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Is there a Website to find a House Sitter?

Is there a Website to find a House Sitter?

Old May 8th, 2002, 06:19 AM
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Is there a Website to find a House Sitter?

Hubby and I are traveling in August and don't know where to begin to
find a house sitter. Are there So. Cal publications(maybe through large Pet
stores, colleges, travel agents)? Are there some USA/European web sites?
Don't know where to begin as I've never done this before. What has your
experience been? Did you get references or ask for a refundable security
deposit? I know there are web sites for house exchanges but I've never heard of
any for finding a house sitter. I'd appreciate any suggestions as to where to
begin. Thanks, Marcie
Old May 8th, 2002, 07:33 AM
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I have never used this service but here's a website I ran across a few months back.


Good luck!
Old May 8th, 2002, 07:37 AM
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My experience was having my dog walker stay at our house while we were away and of course we paid her. I also have a friend who had one of her daughter's teachers stay at her house so in both cases we knew the persons. Word of mouth seems the safest way to go.
Old May 8th, 2002, 02:26 PM
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Would be interested in knowing if anyone has housesat for someone off housesitters.com or hired someone?
Old May 8th, 2002, 02:40 PM
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I'd stick with word of mouth. For a month in the summer, you can probably find a college student who's home for the summer but would rather have some privacy. Ask co-workers and neighbors if there's anyone they'd recommend.

Some home exchange sites, including HomeLink, cover a version of exchanging called non-simultaneous exchanges, where a family comes and stays in your house, and then at some other time you go and stay in theirs. Very popular with upper-middle-class families who have two homes. You could end up with a month to spend at somebody's vacation home next time you travel. So Cal. is a very popular destination wtih European exchangers.
Old May 8th, 2002, 04:04 PM
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Thanks for the responses. Actually, we'll only be gone for 10 or 11 days in mid August,not the whole month. I will explore all of these options. Thanks so much! Marcie
Old May 8th, 2002, 04:50 PM
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I just looked at housesitters.com (daughter is having a similar situation as yourself) and it is very expensive to have someone stay over in your home for a week! I think there are so many families that would love to vacation in Southern California and it would be a treat for them to have a free place to stay for a week or so. Feeding your dog (or cat) once a day would be a small trade off. This sounds perfect for young couple or college students who would consider it their treat. Just get some type of reference and a security deposit for any damage or excessive phone usage etc. Forty years ago I would have jumped at such a chance.Good luck. Helen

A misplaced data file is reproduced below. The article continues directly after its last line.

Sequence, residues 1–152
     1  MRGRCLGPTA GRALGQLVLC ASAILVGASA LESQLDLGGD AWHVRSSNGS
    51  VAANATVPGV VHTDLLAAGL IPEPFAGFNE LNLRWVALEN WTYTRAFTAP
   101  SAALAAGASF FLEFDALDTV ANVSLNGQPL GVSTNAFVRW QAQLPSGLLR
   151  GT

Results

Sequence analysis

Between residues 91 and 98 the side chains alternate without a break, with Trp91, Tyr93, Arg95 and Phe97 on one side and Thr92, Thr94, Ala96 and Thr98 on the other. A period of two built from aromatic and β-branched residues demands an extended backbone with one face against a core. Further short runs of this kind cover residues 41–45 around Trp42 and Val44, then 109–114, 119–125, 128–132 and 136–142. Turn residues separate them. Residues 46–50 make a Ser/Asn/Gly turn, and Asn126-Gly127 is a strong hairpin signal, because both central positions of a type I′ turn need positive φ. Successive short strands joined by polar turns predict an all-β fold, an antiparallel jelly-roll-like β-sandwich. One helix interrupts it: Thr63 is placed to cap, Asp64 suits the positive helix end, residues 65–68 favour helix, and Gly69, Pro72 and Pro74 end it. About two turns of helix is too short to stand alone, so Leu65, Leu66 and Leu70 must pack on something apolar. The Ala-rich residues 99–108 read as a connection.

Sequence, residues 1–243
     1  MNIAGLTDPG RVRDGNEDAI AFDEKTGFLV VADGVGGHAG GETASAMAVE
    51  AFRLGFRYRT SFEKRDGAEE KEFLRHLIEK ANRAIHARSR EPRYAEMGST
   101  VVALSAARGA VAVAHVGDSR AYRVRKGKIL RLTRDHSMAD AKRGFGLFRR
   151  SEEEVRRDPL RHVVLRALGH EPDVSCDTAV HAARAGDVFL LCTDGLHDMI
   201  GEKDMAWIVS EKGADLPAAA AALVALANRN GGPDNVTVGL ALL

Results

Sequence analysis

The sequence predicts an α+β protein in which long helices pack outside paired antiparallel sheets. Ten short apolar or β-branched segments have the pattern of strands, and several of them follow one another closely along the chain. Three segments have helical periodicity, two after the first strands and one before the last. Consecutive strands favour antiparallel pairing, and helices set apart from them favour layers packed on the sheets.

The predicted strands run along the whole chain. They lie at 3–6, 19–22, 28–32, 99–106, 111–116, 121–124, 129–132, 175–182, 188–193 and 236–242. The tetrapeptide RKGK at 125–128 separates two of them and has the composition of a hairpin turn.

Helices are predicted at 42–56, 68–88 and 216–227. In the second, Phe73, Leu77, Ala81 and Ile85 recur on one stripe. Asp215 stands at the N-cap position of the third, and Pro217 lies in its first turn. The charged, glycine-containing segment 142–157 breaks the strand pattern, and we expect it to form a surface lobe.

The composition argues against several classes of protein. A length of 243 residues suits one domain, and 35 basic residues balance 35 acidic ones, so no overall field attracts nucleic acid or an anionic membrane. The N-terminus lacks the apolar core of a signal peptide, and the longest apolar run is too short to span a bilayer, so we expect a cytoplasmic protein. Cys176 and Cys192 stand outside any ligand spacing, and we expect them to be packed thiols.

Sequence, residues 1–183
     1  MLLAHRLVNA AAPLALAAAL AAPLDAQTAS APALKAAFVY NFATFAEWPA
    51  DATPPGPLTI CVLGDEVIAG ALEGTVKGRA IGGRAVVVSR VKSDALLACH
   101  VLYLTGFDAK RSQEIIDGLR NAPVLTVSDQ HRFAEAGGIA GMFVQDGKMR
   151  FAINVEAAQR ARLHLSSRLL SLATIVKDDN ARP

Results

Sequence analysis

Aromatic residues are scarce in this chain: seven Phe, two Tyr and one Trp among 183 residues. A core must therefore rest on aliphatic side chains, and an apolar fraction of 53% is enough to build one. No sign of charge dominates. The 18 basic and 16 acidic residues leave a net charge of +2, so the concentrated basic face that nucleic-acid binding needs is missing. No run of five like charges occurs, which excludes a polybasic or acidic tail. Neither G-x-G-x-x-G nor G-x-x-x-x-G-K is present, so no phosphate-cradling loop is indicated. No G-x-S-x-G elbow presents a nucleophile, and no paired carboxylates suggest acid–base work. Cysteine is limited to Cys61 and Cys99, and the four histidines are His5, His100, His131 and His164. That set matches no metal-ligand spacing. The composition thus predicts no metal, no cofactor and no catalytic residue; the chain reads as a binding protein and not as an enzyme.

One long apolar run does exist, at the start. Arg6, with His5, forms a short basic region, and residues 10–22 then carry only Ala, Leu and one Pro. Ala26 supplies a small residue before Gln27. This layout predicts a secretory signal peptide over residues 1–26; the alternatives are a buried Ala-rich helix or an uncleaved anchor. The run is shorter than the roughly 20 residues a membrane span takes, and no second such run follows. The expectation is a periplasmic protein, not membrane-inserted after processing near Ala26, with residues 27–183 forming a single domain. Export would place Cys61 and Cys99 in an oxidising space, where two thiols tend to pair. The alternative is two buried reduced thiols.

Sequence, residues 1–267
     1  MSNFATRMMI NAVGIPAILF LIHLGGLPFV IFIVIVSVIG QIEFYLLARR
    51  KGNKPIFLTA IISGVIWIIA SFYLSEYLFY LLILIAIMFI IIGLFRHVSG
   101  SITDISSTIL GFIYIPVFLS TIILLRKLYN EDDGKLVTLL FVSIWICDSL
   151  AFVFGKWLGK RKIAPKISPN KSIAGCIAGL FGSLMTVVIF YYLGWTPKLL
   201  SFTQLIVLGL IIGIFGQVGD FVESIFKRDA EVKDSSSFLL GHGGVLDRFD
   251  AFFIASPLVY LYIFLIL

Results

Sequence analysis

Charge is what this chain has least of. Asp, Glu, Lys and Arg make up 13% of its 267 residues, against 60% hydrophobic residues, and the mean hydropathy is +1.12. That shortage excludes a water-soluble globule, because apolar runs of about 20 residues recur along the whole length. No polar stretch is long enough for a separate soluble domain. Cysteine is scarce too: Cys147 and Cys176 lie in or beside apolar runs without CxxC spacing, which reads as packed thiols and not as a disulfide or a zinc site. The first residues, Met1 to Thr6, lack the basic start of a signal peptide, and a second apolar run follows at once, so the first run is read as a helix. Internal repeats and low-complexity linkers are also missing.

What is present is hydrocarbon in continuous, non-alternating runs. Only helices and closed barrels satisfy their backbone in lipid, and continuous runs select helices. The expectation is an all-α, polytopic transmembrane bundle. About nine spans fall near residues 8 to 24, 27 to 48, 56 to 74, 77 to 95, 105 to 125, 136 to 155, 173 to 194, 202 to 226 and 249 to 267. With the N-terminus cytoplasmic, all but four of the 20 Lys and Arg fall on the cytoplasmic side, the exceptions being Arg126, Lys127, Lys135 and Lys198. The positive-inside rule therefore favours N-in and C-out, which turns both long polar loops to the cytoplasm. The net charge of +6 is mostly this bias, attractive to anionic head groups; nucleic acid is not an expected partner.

Old May 8th, 2002, 04:57 PM
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Just be sure to do a background check on the people though. I dont think I would want a complete stranger from an agency in my home, with all my ID's, credit records, etc. right there! Think it over.
Old May 11th, 2002, 10:45 PM
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Hey I have an idea what about a Property Management company? I am sure that there are some that would help out...for a fee.
Old May 13th, 2002, 06:38 AM
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Unless you are a very trusting person unafraid of losing your possessions, be very careful with turning your home and pets over to strangers. Even the nicest homes have quirks that are merely a nuisance to the residents, but which can understandably upset a housesitter. Sticky oven knobs, leaky drains and things residents tolerate can upset a housesitter, who might call the gas company or plumber and generate afterhours repair bills that are the homeowner's responsibility. We make it well worth our housesitter's while to stay here: we pay her $300 a week tax-free cash to live at our house, care for our dog and cat, collect mail and answer the telephone. If that sounds like a lot, dog boarding costs $30 a night here and it's another $15 a night for the cat at a kennel.

When the house sitter started, we had one "test" night when she slept in the guest room while we slept in our room. We leave a current, updated printed guide for her and give her the freedom to do whatever she thinks is necessary to keep the house secure and safe. She knows that if she trips the security alarm and police are called for a false alarm, our city charges us for those calls, so she's extra careful about this.
Our housesitter is the same person who cleans our house once a week and we trust her with keys and security service passwords. If you can imagine opening your house in this way, you might ask your friends if they know of a housekeeper or responsible person who would honor such an arrangement.
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